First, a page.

Police banned the fourth annual "Seksualiti Merdeka" (Sexuality Freedom) festival featuring gay-oriented films, concerts and forums just days before it was to open in November.
Police said at the time the move was taken to avoid angering Muslims.
The court in the capital Kuala Lumpur sided with government prosecutors who said police acted within their powers in a bid to prevent unrest, and that those powers could not be challenged in court, festival organiser Pang Khee Teik told AFP.
Pang said he was "stunned" by the court’s endorsement of that argument and planned to appeal.
"We must keep fighting for equal rights," Pang told AFP.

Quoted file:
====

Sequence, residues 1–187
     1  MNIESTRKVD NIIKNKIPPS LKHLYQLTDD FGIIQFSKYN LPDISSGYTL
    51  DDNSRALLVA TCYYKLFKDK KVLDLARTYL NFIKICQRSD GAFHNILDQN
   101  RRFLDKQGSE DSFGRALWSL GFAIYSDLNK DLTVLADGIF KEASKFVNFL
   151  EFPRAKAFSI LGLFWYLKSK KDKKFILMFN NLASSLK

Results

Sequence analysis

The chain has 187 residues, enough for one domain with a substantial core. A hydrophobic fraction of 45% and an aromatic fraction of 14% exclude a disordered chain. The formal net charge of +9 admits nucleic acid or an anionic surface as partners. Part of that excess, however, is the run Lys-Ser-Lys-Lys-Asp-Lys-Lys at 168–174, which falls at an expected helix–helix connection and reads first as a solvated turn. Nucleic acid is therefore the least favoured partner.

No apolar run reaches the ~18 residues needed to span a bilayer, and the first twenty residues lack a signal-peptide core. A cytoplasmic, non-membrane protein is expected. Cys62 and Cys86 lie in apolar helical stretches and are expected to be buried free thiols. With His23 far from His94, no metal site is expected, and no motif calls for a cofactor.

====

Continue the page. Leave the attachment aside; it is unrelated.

The ruling underscores a pattern of persistent persecution of homosexuals in Malaysia, said Phil Robertson, Asia deputy director at Human Rights Watch.
"We are concerned over the discrimination and the intimidation of the lesbian, gay, bisexual, and transgender community. The rights of this entire community are under threat," he told AFP.
"(Malaysia) is using national security as a catch-all phrase to justify any human rights abuse, and that is unacceptable."
Homosexuality remains a taboo subject in Malaysia and sodomy is punishable by up to 20 years in prison.
Opposition leader Anwar Ibrahim was acquitted in January of having sex with a male former aide — charges he said were fabricated in an attempt to cripple the opposition.
Rights groups have urged the government to repeal the law criminalising sodomy, calling it repressive.
The ban on the gay festival followed Prime Minister Najib Razak’s pledge in September that he would grant greater civil liberties and break with the country’s authoritarian past.